Dogs Don’t Shop: Three Things to Remember When Buying Dog Supplies

dog suppliesThroughout centuries, dogs have become a huge part of human culture. Because of the huge role dogs play in our lives, advertisers and marketing executives put a lot of effort into exploiting our relationship with dogs. When you’re faced with ads selling dog supplies, it’s important to keep a few simple facts in mind.






Remember these three things when buying dog supplies:

  1. Dogs Aren’t Wolves

We hear it all the time: “Dogs are descended from wolves” or “Your dog is a wolf at heart.” These statements are not quite true. Dogs and wolves are actually both descended from a now-extinct ancestor species. They share the same percentage of DNA that humans share with chimps and bonobos (roughly 98%). Dogs have been genetically changed by their close, domestic relationship to humans. This includes both behavioral and metabolic differences from wolves. Even dog breeds that look similar to wolves have the same genetic mutations that enable our domestic friends to metabolize starches. Dogs have also been scientifically proven to think and socialize much differently than wolves. So, the next time you see an ad telling you that your dog’s “inner wolf” really needs these dog supplies—whether it’s food, a training method, or a special collar—that’s a red flag that the advertiser is trying to sell you something under false pretenses.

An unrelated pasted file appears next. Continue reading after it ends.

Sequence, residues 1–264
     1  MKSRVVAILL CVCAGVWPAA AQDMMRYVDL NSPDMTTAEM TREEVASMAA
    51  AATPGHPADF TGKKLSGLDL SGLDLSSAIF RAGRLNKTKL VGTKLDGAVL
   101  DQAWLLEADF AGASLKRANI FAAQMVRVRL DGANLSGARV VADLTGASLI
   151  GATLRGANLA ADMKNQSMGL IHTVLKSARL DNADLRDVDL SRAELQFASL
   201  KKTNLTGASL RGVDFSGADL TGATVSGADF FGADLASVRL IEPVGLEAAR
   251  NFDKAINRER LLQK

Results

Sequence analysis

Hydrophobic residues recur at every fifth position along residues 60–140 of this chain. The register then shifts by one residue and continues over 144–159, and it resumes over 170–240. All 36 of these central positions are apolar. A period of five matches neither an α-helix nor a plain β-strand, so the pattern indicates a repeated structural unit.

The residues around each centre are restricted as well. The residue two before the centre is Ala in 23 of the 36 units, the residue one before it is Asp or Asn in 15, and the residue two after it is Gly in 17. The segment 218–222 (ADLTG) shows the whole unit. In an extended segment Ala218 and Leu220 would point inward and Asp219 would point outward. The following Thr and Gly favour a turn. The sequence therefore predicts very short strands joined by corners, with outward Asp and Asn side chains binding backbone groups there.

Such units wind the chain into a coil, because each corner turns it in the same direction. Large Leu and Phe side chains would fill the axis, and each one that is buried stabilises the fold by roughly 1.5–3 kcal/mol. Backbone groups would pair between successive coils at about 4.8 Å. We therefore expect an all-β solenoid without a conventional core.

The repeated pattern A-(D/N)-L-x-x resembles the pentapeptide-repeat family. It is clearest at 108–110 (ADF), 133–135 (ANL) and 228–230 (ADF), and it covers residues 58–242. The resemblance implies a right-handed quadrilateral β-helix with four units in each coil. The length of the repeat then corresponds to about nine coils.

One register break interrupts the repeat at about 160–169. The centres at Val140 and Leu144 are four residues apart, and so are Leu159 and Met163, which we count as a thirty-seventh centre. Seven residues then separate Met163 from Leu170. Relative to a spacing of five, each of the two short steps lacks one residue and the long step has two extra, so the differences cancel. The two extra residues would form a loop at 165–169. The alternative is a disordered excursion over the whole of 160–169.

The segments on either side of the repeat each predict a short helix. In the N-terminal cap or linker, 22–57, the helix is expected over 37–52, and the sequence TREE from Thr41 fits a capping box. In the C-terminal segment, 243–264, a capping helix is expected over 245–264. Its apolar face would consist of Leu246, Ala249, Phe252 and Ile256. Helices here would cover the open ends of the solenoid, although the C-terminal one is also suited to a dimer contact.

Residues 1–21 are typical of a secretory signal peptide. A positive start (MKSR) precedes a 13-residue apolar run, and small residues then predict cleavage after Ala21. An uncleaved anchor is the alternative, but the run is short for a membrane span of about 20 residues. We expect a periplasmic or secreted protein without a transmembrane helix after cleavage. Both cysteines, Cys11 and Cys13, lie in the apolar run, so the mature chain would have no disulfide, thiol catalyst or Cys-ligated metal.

1. Dogs Aren’t People

This seems like common sense, but it can be easy to forget that a dog’s needs are different from a person. While we do have some common needs—like proper nutrition, exercise, hygiene, and mental/emotional stimulation—our dogs don’t understand much of what we think of as important. Eating the same food every day may seem unthinkable to us, but a well-balanced formula made especially for our dogs’ needs is important for their health. While it’s okay to love our dogs as a part of the family (more than okay, really), it’s important to remember that they’re a different species with their own needs, language, and limitations. Don’t let all the type of advertisers tempt you to buy into dog supplies that might be better left to human consumers.

  1. Dogs Aren’t Objects

Every dog is a unique, sentient being. While one dog may enjoy the extra attention that goes along with wearing a cute sweater, another may hate the feeling of confining fabric. There is no such thing as a product that is “perfect for every dog.” Just because a certain product worked wonders for your best friend’s pooch doesn’t mean it will do the same for yours. Even if your mom’s dog loves getting a massage at daycare, that doesn’t mean yours will. It’s okay. Not every dog will love every new trend that becomes the “thing you should do if you love your dog.” Spend time with your dog and learn what s/he loves and needs—then spend your hard-earned money on those things, instead of the dog supplies that advertisers try to sell you. Your dog will thank you!

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